Some say Andrea Palladio invented it. Others claim it was first published by Sebastiano Serlio who had borrowed it from one or another master of the Italian Renaissance: Raphael, Peruzzi, Bramante or Scamozzi—or maybe all of them. The architectural feature that’s been called the Palladian Window, the Venetian Window and the Serlian Motif went viral in the 1500s and never lost its grip on designers looking to make a strong statement in masonry, woodwork and light.
Nearly a half a millennium ago, Palladio designed Villa Poiana in Northern Italy. His Basilica Palladiana in Vicenza, of 1549 exerted its power both on the street and in print. More than an appealing form, here rose a trope that drew on a special power: the image of the triumphal arches in ancient Rome.
No wonder found it so appealing, and so handy.
And no wonder England adopted the Palladian window as it morphed into an empire. “Ubiquitous” is the word. Colin Campbell illustrated in Vitruvius Britannicus (1715-25) some one dozen buildings using the device. In his A Book of Architecture, James Gibbs showed an equal number of plates of building schemes incorporating this three-part feature, including the rear elevation of St. Martin-in-the-Fields.” Nicholas Hawksmoor featured the window at Codrington Library at All Souls College, Oxford. And that was a century-and-a-quarter after Inigo Jones featured it into his Queen’s Chapel at Saint James Palace.
Then, the “pattern books of James Gibbs, Batty Langley, William Pain, and others” assured “that the Palladian arch was transported to 18th-century America.” But why such a warm welcome in Philadelphia? It seemed more than merely inviting the southern sun to stream into the new State House. Maybe the Palladian window expressed in masonry, woodwork and glass what the poets had been waxing about so loud and clear—inside and out—that Philadelphia was destined to become the Athens of America? The Palladian window made appearances in many cities in the New World, but nowhere, it seems, more than in Philadelphia.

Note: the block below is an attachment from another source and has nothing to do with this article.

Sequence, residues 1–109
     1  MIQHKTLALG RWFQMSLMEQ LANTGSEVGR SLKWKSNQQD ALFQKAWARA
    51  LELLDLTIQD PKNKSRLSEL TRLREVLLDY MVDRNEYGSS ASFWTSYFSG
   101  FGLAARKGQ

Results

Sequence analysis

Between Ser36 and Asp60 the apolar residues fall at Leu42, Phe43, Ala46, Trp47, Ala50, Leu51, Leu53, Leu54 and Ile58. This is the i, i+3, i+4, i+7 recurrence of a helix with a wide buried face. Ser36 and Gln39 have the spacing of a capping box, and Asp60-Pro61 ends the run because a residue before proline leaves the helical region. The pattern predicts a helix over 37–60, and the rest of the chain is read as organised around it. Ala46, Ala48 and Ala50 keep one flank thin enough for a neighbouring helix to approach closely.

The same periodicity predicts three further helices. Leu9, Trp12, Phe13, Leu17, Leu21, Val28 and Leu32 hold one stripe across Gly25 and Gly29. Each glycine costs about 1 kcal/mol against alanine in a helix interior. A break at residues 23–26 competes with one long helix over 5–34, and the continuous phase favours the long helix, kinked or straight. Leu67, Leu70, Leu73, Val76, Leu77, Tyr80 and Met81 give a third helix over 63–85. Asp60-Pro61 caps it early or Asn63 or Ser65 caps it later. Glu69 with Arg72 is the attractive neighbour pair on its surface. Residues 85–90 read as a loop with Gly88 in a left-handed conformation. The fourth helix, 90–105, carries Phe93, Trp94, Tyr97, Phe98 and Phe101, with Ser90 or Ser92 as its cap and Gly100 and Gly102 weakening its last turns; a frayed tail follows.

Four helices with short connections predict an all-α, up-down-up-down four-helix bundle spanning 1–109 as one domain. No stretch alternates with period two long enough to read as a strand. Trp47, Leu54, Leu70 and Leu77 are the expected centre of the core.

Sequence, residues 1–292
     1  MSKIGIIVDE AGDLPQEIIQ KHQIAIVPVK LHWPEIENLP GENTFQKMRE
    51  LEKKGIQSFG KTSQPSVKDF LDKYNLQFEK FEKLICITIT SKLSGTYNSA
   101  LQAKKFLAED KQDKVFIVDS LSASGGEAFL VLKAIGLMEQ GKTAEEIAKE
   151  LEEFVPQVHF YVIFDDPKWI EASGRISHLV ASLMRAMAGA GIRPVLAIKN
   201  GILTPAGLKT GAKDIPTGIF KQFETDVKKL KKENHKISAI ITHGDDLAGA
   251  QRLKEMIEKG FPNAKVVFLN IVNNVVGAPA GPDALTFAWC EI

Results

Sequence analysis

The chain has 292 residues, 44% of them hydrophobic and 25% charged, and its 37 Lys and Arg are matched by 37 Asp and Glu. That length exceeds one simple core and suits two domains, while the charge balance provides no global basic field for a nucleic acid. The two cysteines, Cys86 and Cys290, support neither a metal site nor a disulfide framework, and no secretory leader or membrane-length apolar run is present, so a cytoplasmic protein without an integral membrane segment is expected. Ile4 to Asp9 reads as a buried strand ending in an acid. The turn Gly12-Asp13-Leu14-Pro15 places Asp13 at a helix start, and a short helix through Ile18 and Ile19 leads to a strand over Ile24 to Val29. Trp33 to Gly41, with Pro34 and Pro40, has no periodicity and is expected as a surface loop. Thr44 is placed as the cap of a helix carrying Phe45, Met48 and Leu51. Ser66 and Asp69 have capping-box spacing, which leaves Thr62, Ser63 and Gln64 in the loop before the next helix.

Here’s are what PhillyPalladians we could find, in chronological order:
Christ Church, Second Street, north of Market Street, 1727-1744.
State House (Independence Hall), Chestnut Street, between Fifth and Sixth Street, 1730-1748.
Saint Peters Church, Third and Pine Streets, 1758-1761.
Mount Pleasant, East Fairmount Park, 1761.
Port Royal, Frankford Avenue & Orthodox Street, 1761-1762.
Zion Lutheran Church, Fourth and Cherry Streets, 1766-1769.
Woodlands, 4000 Woodland Avenue, 1770.
Lemon Hill, East Fairmount Park, ca. 1770.
Woodford, East Fairmount Park, ca. 1772.
William Bingham House, 3rd and Spruce Streets, ca. 1788.
Presidents House, 9th and Chestnut Street, 1790.
Cooke’s Building, Third and Market Streets, ca. 1792.
Chestnut Street Theatre, Chestnut Street, east of Fifth Street, 1791-1794.
Saint Thomas African Episcopal Church, Fifth and Saint James Place, 1794.
Penn National Bank, Frank Furness, 7th and Market Streets, 1882.
Weisbrod and Hess Brewery, A.C. Wagner, Martha Street between York Street and E. Hagert Street, 1885.
Engine 37 Firehouse, John T. Windrim, 101 West Highland Avenue, Chestnut Hill, 1894.
Philadelphia City Hall (Tower) , Broad and Market Streets, John McArthur, Jr., 1890s.
Historical Society of Pennsylvania, 1300 Locust Street. Addison Hutton, 1910.
Firehouse #49, 1513 Snyder Avenue, 1911.
Yes, the Palladian window offered Philadelphians classical flair and an unmatched grand flavor. It fulfilled needs of all kinds: civic, religious, business and domestic. The PhillyPalladians upped the game for buildings until the last decades of the 19th century, when something happened. The Palladian window migrated from grandiose gesture to general design vocabulary. And ever since, what once called forth images of Empire, settled in as a somewhat fancier option of letting in some light and air.